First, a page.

Vietnam among most sensitive to China supply shocks: report

Workers in a textile factory in Vietnam.
Workers in a textile factory in Vietnam. Intermediate textiles are one area where Vietnam's manufacturing industry is vulnerable to supply disruptions in China.
MARCH 04, 2020 - 6:06 PM

AMONG Asian economies, Vietnam is the most vulnerable to China supply shocks while Singapore is the least, according to a Deutsche Bank research note on March 3.

"This suggests that unless Vietnam can reduce its dependence on China for its intermediate goods, it should not be seen as an alternative to China, although that may be the case for a few sectors like electronics," said the report.

In contrast to the widespread view that Asia is dependent on China for intermediate goods in electronics, such vulnerability is actually low, the report shows. Instead, Asia's vulnerability to the electronics supply chain in China is in finished consumer goods.

In its study, Deutsche Bank built a trade database of individual goods which have a dependence on production in China, such that a risk is posed to the importing economy. Ten Asian economies were assessed for their vulnerability to supply disruptions in China, including six in Asean: Indonesia, Malaysia, the Philippines, Singapore, Thailand, and Vietnam.

Imported items were deemed to be "China critical goods" (CCG) if an economy a net importer from China and two-thirds or more of its imports of that good come from China.

Among the economies studied, Vietnam was the most vulnerable with China critical goods making up 15.1 per cent of total imports.

At the product level for Vietnam, textile intermediate imports were the most vulnerable, with nearly half coming from China. But Vietnam's vulnerability to supply disruptions of electronics and parts was low, with a CCG share of 1 per cent, as most such components come from South Korea.

Thailand was the second most vulnerable, with CCG imports making up 11 per cent of all imports. Similarly, however, the vulnerability of electronics was low at 1 per cent.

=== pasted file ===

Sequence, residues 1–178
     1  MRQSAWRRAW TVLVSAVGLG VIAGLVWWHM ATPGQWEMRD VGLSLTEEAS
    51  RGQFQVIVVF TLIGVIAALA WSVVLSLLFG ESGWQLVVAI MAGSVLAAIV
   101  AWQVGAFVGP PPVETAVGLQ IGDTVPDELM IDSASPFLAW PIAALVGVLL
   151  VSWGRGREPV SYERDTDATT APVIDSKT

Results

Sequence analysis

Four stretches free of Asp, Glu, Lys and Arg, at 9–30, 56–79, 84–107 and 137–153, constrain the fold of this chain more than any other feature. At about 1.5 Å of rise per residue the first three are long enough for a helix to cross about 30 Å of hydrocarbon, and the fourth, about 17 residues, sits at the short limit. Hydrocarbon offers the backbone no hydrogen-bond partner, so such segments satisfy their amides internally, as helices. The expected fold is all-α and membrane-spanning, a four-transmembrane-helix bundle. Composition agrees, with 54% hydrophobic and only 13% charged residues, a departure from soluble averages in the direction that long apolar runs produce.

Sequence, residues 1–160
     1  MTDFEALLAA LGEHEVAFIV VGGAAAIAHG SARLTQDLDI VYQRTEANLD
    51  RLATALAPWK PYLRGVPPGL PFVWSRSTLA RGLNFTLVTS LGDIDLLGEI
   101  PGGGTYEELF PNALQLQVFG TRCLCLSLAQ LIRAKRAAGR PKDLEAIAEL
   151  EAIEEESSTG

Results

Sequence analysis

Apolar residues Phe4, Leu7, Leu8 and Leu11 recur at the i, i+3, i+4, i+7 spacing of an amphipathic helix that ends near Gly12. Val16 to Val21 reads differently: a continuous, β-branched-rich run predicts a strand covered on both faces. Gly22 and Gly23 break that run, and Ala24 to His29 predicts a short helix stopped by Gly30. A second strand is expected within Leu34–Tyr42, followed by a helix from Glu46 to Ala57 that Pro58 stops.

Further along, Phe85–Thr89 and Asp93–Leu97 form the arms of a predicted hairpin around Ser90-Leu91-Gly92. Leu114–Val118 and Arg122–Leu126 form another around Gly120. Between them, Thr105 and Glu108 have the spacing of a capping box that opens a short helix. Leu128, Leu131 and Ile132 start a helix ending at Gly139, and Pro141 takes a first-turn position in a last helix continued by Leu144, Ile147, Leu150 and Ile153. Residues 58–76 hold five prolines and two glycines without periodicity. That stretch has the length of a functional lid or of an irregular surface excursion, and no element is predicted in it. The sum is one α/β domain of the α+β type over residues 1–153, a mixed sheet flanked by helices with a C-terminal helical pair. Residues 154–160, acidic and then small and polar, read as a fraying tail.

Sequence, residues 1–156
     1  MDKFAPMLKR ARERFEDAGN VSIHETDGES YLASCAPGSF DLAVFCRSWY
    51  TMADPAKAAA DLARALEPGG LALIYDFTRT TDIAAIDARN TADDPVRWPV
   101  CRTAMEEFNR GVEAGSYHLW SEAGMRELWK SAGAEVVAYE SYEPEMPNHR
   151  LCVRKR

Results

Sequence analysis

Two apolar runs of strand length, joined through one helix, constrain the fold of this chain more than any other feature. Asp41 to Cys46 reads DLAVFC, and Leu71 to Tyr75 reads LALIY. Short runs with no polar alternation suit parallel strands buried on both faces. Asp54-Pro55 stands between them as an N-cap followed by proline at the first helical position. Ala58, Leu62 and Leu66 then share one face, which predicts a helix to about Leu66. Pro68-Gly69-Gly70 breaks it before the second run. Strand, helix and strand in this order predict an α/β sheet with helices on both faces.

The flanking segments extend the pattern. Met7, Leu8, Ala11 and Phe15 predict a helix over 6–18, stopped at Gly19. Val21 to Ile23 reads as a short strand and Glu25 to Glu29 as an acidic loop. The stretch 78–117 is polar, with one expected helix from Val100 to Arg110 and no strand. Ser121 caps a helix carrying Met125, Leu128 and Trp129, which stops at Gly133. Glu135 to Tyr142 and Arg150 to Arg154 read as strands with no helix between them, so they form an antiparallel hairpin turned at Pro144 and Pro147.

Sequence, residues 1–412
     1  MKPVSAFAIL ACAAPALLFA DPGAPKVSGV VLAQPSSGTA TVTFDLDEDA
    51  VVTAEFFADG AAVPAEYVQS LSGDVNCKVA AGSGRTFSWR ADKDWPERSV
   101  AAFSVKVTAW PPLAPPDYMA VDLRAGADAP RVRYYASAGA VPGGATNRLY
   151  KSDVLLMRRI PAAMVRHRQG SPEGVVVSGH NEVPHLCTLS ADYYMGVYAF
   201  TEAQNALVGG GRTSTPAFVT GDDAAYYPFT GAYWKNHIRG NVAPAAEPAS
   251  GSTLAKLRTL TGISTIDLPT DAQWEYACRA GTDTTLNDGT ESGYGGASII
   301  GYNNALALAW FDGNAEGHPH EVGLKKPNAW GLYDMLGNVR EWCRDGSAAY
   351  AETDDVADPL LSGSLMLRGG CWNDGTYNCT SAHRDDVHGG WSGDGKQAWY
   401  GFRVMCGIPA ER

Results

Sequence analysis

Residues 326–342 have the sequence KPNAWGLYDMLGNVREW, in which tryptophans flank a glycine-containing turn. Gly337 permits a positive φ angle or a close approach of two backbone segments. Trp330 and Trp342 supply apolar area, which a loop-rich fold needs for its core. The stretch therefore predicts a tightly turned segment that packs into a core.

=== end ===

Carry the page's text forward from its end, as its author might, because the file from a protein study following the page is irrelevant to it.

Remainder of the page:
While Indonesia had the third highest CCG share of total imports at 8 per cent, disruption to domestic manufacturing, "is likely to be significantly lower, given that finished products dominate much of its CCGs", said the report. Consumer-focused goods such as electronics and household goods account for over two-fifths of Indonesia's CCGs.

The Philippines came in sixth, after India and Sri Lanka, with a CCG share of 7 per cent. Its manufacturing vulnerability was highest for textile intermediates. Steel was also significant, with disruptions in steel supply for China potentially having an impact on infrastructure projects in the Philippines.

Malaysia and Singapore were least at risk, with CCG shares of 3.5 per cent and 2.6 per cent respectively. Regarding Singapore, the report noted: "Its vulnerability is largely due to its status as an entrepôt hub, not to disruptions to its own manufacturing."

Nonetheless, the report did caution: "It takes just one missing component in the supply chain – however insignificant and low value-add it may appear to be – to stop the entire production line altogether, as has been the case in the auto sector."